Food: We’ve found the majority of the restaurants to be so-so, with a few exceptions. The best food in town is at the taco and tortas fast-ish food places. We’ve noted our favorite eating establishments of all types on the Crew Reviews page.
Music: Concerts by La Orquesta Sinfonica de la Universidad de Guanajuato have become a Friday night ritual. The orchestra is a professional orchestra connected to the university, not a student orchestra. Its home is the Teatro Principal, a lovely little art nouveau theater that has (at least to our relatively untrained ears) good acoustics. It’s a thrill to hear a full orchestra in a 300+/- seat theater! We’ve heard some very modern compositions – one conducted by the composer, Adalberto Tovar, a graduate of the university’s music program. We’ve also been introduced to works by Mexican composers Carlos Vidaurri and Eugenio Toussaint and are looking forward to tonight’s all-Mexican composer program. All of this for 80 pesos per ticket (at today’s exchange rate: $6.15 USD)! Thank goodness there are some places in the world willing to subsidize classical music. There are also free pre-concert lectures but we haven’t braved them as Molly’s Spanish is not quite up to that challenge (she’s working on shopping with dignity).
Out and About: One of the big joys of Guanajuato is just rambling around. There’s an interesting view at every turn. There are churches, of course:
Including statues of St. Patrick!
Apparently there were some Irishmen
that fought in the War of Independence
|Our Favorite Fruit Market|
Is Off Screen Left
There are narrow streets -- which sometimes defeat even the professionals --
|Two Busses . . . Narrow Turn . . .|
Which Paint Job Will Be Sacrificed?
. . . handsome young folklorico dancers:
Really, everywhere you look, there's Mexico!
Museums: We spent a lovely Sunday afternoon at the Museo Exhacienda San Gabriel de Barrera just outside of Guanajuato. The term “hacienda” usually means a large ranch and an “exhacienda” is usually a former hacienda now used for non-ranching (usually touristy) purposes. In the mining area of central Mexico the term exhacienda is also used to refer to a property that served as the home of a mine owner and the place where precious metals were extracted from that mine’s ore. Apparently those 17th Century mine owners had no wimpy environmental concerns . . . either for themselves or for the many workers exposed to mercury on their property. Notwithstanding the soil’s likely residual toxicity this exhacienda has several lovely gardens and there is a nice domestic museum in the hacienda dwelling.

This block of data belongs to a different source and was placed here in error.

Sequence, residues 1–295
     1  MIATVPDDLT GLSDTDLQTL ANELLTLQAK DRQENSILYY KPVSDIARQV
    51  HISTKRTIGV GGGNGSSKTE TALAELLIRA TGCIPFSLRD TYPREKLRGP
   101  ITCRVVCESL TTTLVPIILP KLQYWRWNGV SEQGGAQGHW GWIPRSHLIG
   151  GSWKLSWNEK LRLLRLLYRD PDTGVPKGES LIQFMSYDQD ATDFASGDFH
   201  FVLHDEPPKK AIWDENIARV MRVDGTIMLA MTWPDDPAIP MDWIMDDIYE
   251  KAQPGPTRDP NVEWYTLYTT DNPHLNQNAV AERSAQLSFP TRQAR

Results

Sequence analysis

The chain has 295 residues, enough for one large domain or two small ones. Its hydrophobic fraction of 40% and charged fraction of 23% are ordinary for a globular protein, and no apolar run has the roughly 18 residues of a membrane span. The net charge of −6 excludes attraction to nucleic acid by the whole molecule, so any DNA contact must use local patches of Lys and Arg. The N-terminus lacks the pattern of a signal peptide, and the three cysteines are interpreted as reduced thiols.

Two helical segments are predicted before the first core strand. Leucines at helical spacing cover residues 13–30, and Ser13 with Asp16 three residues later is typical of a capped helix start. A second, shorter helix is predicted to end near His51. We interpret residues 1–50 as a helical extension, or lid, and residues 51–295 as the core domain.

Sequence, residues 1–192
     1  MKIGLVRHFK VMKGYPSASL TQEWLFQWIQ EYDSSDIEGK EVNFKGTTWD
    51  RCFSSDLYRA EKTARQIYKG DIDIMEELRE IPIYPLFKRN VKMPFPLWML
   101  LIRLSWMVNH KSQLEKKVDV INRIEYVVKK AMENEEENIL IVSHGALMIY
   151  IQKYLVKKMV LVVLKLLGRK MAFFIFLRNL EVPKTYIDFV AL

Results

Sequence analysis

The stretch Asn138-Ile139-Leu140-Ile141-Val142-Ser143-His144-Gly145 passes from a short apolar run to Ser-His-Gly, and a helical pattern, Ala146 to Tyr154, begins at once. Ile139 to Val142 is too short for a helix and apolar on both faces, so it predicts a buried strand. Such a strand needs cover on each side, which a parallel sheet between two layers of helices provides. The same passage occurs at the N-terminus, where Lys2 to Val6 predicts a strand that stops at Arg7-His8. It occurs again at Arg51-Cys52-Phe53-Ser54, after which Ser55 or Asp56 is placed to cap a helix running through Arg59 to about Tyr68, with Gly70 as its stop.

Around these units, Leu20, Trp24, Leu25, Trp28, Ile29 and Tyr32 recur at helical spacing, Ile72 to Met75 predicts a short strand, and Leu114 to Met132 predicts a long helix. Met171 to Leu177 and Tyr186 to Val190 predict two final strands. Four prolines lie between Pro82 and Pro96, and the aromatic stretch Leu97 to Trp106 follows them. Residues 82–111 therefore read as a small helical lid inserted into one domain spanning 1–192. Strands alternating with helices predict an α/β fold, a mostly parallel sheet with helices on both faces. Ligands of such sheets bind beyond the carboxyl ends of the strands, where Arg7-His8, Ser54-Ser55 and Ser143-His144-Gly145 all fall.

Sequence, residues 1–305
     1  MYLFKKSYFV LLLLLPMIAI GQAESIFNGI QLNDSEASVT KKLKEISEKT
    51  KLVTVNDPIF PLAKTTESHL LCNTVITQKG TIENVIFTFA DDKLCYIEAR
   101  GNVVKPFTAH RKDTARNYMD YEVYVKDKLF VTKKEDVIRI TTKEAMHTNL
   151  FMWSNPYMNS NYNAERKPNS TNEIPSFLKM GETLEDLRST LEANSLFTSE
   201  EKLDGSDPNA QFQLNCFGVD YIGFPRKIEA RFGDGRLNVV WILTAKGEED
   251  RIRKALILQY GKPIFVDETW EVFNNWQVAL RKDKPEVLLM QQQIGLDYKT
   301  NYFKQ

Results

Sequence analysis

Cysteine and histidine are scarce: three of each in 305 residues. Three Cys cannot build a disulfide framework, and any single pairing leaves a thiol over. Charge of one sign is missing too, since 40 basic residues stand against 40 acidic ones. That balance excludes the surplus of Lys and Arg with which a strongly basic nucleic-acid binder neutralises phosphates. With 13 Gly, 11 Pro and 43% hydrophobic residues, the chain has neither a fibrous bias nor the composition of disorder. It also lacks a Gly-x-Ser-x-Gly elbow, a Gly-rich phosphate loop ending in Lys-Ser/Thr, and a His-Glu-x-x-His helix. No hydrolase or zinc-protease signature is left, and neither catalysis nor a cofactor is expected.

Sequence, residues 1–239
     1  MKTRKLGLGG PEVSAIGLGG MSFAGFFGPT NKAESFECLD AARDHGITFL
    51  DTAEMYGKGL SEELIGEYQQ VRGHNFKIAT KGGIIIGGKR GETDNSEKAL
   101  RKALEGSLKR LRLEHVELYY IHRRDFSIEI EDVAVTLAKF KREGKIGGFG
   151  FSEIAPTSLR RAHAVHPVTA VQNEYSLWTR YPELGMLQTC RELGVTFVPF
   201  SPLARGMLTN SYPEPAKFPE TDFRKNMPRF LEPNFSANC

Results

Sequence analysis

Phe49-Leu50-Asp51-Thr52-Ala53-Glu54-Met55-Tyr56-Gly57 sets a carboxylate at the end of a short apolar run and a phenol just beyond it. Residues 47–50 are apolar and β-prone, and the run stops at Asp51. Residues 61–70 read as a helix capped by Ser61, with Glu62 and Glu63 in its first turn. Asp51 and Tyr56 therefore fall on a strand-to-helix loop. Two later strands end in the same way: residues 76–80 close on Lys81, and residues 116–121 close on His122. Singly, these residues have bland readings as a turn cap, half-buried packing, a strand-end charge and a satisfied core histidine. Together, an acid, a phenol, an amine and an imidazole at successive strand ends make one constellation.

We visited the Alhóndiga de Granaditas. This former granary was the site of the first big battle in the decade-plus-long Mexican War of Independence. Today it’s a very well-done museum that tells the story of the Guanajuato area from Pre-Conquest through
|Example of the Negative Glazing Technique Used By |
the Chupícuaro People Pre-Conquest
|Pre-Conquest Pottery - The Chupícuaro Added Human|
Features to Their Pottery (See Tiny Hands on the Side!)
the War of Independence. The museum includes some fairly gruesome murals by José Chávez Morado that depict the Spanish abuses leading to the War of Independence:
|And Showing How The Inquisition |
Provided Fashion Guidance to the KKK . . .
Between the information provided at the Alhóndiga and at museums we have toured during our excursions to a couple of nearby towns we are beginning to piece together the story of Mexico’s independence.
To Come: And speaking of the War of Independence . . . Mexico celebrates the beginning of that decade-plus-long war on September 15 and 16. Signs of impending fiesta are all over town – green, white and red bunting is being draped over everything that doesn’t move (and some over ‘things’ that do: green, red and white shawls, ladies?). We have a flag to wave, courtesy of recent visitors Leilani and Mike from s/v Lanakai, and will be joining the throngs on the night of the 15th to hear the Grito de Independencia (Cry for Independence) and yell Viva Mexico! in response. We will be on hand the following morning to watch the parade – which may come right below our bedroom windows because Calzada del Tecolote (which runs to one side of our house) is a part of the Ruta de La Independencia! We will report in on all of the excitement and on our visits to a couple of nearby towns.